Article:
About the Author: Rabbi Lord Jonathan Sacks, former chief rabbi of the British Commonwealth, is the author of many books of Jewish thought, most recently “The Great Partnership: Science, Religion, and the Search for Meaning.”


If you don't see your comment after publishing it, refresh the page.

Our comments section is intended for meaningful responses and debates in a civilized manner. We ask that you respect the fact that we are a religious Jewish website and avoid inappropriate language at all cost.

If you promote any foreign religions, gods or messiahs, lies about Israel, anti-Semitism, or advocate violence (except against terrorists), your permission to comment may be revoked.

2 Responses to “Sprints And Marathons”

  1. He may be a very intelligent man but when he was Chef Rabbi here in the UK, he was not a man of the people. It seemed during his term he would rather smooze with celebrities and not reach out to us, the forgotten Jews in England.

  2. He may be a very intelligent man but when he was Chef Rabbi here in the UK, he was not a man of the people. It seemed during his term he would rather smooze with celebrities and not reach out to us, the forgotten Jews in England.

Comments are closed.

SocialTwist Tell-a-Friend

Current Top Story
Prime Minister Binyamin Netanyahu, Indian Prime Minister Narendra Modi meet in NY late Sunday, Sept. 28, 2014, ahead of Netanyahu's speech at UN General Assembly  set for the next day.
India May Change UN Vote; Bibi Says Israel to Protect Citizens
Latest Judaism Stories
Knesset and Menorah

Israel projects global material illumination not always the light of “morality” meant by the Navi

Parsha-Perspective-Logo-NEW

To many of our brethren Chanukah has lost its meaning.

Parsha-Perspective-Logo-NEW

This ability to remain calm under pressure and continue to see the situation clearly is a hallmark of Yehuda’s leadership.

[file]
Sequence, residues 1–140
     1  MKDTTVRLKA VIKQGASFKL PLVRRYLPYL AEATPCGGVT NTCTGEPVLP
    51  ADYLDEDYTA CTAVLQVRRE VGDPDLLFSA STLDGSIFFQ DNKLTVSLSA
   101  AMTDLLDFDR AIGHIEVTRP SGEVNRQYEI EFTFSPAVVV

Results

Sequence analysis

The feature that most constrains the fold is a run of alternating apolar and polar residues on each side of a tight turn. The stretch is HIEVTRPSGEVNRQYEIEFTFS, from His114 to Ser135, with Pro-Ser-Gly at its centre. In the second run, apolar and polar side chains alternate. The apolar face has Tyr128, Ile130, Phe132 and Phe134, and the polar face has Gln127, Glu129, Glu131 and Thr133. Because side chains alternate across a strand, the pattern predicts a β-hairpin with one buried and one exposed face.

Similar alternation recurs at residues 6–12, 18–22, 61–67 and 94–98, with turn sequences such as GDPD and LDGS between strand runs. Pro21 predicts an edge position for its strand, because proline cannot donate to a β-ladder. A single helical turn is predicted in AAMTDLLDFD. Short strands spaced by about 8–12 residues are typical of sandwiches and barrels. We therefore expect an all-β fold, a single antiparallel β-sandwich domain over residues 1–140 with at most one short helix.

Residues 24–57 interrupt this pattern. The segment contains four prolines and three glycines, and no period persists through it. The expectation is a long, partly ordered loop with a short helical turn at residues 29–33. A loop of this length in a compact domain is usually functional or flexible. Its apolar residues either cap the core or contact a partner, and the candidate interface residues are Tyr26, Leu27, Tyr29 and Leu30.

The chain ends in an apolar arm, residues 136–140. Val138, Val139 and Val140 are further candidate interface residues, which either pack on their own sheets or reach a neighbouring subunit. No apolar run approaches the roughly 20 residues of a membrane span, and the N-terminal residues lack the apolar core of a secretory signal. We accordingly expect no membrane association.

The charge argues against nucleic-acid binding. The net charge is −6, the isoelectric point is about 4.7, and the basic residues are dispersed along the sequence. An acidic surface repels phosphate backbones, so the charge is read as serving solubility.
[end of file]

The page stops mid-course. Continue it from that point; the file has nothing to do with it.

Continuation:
Torah-Hakehillah-121914

It would have been understandable for these great warriors to become dispirited.

The travail of Yosef was undoubtedly the greatest trauma of Yaakov’s life, which certainly knew its share of hardships.

Yosef, in interpreting the first set of dreams, performed in a manner that was clearly miraculous to all.

Chazal teach us that we need to be “sur may’rah v’asei tov,”avoid bad and do good.

When we celebrate the completion of learning a section of Torah, we recite the Hadran.

Fetal Immersion?
‘The Fetus Is A Limb Of Its Mother’
(Yevamos 78a)

Yosef proves he is a true leader; He is continually and fully engaged in the task of running Egypt

When the inability cannot be clearly attributed to either spouse, the halacha is the subject of debate among the Rishonim.

Those who reject our beliefs know in their souls Jewish power stems from our faith and our prayers.

He stepped outside, and, to his dismay, the menorah was missing. It had been stolen.

Though we Jews have deep obligations to all people our obligation to our fellow Jew is unique.

In a way that decision was the first in a series of miracles with which Hashem blessed us.

Question: If Abraham was commanded to circumcise his descendants on the eighth day, why do Arabs – who claim to descend from Abraham through Yishmael – wait until their children are 13 to circumcise them? I am aware that this is a matter of little consequence to our people. Nevertheless, this inconsistency is one that piques my curiosity.

M. Goldman
(Via E-mail)

More Articles from Rabbi Lord Jonathan Sacks
Rabbi Sacks

Tamar’s conduct bears an uncanny resemblance to Ruth’s; virtuous outsiders at the margins of society

Rabbi Sacks

A Jew is an iconoclast, born to challenge the idols of the age,whatever the idols, whatever the age.

Simply too many cases of prayers being answered to deny it makes a difference to our fate. It does.

When Jacob was chosen, Esau was not rejected; G-d does not reject.

Between Judaism and Islam there can be friendship and mutual respect as Abraham loved both his sons.

God wanted to establish the principle that children are not the property of their parents.

The Babel story is the 2nd in a 4-act drama that’s unmistakably a connecting thread of Bereishit

The emphasis on choice, freedom and responsibility is a most distinctive features of Jewish thought.

Printed from: http://www.jewishpress.com/judaism/jewish-columns/rabbi-lord-jonathan-sacks/sprints-and-marathons/2014/04/10/

Scan this QR code to visit this page online: